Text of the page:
We're Pulling Tuna Out Of The Ocean At Unprecedented — And Unsustainable — Rates
If you're in the mood for a tuna poke bowl or an old-school tuna niçoise salad, here's a tip: Don't hit up the Greenhouse Tavern in Cleveland. It has been nearly six years since chef Jonathon Sawyer became a "tuna evangelist" after attending a meeting of like-minded chefs at the Monterey Bay Aquarium. It was there that he made the decision to forgo tuna — both in his personal life and on the menus at all four of his restaurants.
It wasn't always easy. Turning down the chance to eat famed chef Eric Ripert's mouthwatering thin-sliced tuna over a foie gras torchon took some Superman-like strength, but for Sawyer, the mission is an important one. He's not trying to get people to give up tuna altogether. Rather, he's trying to raise awareness of the sheer quantities that are coming across our collective plates and serve as a gentle warning that all that fish is coming from a limited resource.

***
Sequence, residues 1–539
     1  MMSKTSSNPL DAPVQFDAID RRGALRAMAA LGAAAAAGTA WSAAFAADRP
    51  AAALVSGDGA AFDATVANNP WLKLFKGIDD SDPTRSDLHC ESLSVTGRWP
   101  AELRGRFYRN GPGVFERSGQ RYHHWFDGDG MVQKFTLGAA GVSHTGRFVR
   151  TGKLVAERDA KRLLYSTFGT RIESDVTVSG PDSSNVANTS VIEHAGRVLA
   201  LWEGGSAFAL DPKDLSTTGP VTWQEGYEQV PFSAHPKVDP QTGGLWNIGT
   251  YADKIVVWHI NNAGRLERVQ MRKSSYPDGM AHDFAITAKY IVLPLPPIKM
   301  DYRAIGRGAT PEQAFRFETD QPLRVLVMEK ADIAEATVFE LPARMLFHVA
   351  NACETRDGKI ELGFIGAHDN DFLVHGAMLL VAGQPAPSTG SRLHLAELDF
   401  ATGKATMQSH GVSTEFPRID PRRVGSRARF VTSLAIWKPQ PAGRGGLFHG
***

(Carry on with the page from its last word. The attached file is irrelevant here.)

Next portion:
It turns out that his effort is hitting a seafood sustainability bull's-eye.
A new study, published in Fisheries Research, reveals that the sheer amount of tuna being taken from our seas, including some species considered "vulnerable," has increased by an astonishing 1,000% in the last 60 years — a rate that some scientists are saying is unsustainable.
The study, which looked only at larger industrial catches, says we're pulling nearly 6 million metric tons of tuna from the oceans each year. (The U.N.'s Food and Agriculture Organization's data — which include artisanal fisheries as well as industrial catches — estimate that the overall annual harvest is closer to 7.4 million metric tons of tuna.)